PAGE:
Starbucks internal memo shows 'Race Together' campaign was doomed from the start
Starbucks' controversial campaign that encouraged baristas to talk about race relations with customers has been scaled back.
Baristas will no longer be required to write the slogan #racetogether on drink cups or try to engage customers on the topic of racism in the US.
The campaign suffered a public backlash from the start, with critics accusing the company of using racial tension to sell coffee. The vitriol was so strong that it caused a senior Starbucks executive to temporarily suspend his Twitter account.
But the criticism probably is not what killed the campaign. If anything, it was the logistics.
Here are the new responsibilities that Starbucks asked baristas to take on as part of the campaign, according to an internal memo obtained by Gawker.
Most Starbucks baristas simply don't have the time to discuss anything other than coffee with customers.
Amid responsibilities like taking orders, working the registers, making complicated drink orders, and preparing food from the company's newly expanded menu, there is no time to write extra words on cups — much less entertain a debate on race relations.
Asking a single barista to chat can completely throw off a store's operations during busy periods, Jeb Lund writes inRolling Stone.
"Just pulling Mike aside for two minutes was enough to see the number of waiting customers double," Lund writes of an effort to engage a Starbucks barista in a conversation on race relations last week. "He never stopped looking over his shoulder and attempting to perform a make-work task to obscure the fact that he was chatting. Like all multitasking, it left him doing more than one thing fairly badly — moving a towel around haphazardly while trailing off and having difficulty engaging questions."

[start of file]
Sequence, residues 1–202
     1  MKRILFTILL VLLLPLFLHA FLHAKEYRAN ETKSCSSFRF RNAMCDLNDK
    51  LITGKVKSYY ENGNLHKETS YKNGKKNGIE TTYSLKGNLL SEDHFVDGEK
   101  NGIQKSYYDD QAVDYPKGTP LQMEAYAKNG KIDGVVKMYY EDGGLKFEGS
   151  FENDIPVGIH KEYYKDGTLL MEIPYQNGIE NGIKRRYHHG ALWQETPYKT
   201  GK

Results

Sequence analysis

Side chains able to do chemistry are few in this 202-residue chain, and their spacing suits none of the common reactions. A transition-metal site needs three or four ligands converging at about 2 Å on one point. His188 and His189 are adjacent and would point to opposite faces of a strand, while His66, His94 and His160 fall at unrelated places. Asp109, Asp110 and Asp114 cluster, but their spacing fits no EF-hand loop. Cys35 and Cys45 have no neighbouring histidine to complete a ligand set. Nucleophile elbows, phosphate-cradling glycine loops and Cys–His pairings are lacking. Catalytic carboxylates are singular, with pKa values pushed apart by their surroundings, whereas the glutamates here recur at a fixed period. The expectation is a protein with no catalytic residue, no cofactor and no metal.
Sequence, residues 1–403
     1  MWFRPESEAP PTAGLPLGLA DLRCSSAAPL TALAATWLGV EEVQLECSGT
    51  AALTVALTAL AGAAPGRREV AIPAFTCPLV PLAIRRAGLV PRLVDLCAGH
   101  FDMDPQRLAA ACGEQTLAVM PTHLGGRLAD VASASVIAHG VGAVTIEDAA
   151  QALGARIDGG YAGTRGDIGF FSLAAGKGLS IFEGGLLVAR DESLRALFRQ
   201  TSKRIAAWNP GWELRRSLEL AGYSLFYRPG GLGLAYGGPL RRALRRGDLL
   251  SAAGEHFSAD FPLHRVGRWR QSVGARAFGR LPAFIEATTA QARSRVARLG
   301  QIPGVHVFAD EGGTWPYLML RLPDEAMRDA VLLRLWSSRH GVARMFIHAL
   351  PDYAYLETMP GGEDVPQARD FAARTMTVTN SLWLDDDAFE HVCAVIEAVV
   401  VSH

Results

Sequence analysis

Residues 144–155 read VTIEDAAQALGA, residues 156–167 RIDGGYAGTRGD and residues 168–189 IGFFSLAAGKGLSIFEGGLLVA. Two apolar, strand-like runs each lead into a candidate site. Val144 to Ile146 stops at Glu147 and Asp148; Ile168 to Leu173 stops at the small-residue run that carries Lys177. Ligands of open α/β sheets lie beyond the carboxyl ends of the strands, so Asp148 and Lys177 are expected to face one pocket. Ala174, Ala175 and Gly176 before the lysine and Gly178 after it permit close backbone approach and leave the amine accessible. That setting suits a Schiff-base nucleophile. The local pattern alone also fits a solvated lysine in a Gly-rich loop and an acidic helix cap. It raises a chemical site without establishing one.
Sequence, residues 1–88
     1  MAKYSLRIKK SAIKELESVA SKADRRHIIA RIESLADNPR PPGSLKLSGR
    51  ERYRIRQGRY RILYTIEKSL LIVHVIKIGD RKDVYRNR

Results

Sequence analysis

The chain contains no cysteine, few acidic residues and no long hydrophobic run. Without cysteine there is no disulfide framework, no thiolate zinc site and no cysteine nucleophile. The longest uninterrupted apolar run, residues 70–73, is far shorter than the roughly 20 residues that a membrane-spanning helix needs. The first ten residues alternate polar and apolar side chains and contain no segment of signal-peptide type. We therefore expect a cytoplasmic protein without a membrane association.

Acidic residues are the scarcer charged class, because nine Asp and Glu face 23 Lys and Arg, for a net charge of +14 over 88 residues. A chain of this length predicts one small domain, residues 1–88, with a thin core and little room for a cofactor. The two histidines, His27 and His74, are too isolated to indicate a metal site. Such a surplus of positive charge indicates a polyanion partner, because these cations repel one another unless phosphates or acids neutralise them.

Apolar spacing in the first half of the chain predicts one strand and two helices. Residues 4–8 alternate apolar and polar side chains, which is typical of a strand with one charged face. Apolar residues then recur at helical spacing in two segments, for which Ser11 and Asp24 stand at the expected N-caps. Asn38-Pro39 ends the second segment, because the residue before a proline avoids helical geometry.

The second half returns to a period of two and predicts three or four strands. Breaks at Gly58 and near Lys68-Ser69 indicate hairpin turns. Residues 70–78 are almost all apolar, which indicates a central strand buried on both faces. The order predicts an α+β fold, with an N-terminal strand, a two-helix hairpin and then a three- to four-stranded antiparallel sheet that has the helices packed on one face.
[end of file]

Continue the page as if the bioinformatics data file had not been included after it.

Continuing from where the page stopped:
Adding a few seconds to a customer's wait isn't just an inconvenience. It hurts business.
McDonald's slower wait times have been credited as a key contributor to the company's declining sales.
Customers' drive-thru waits are nearly 20 seconds longer today than they were in 2001, according to QSR magazine.
Starbucks executives are well aware of how wait times can affect business. But in this case, it appears that management decided the campaign would at least temporarily take priority over store logistics.
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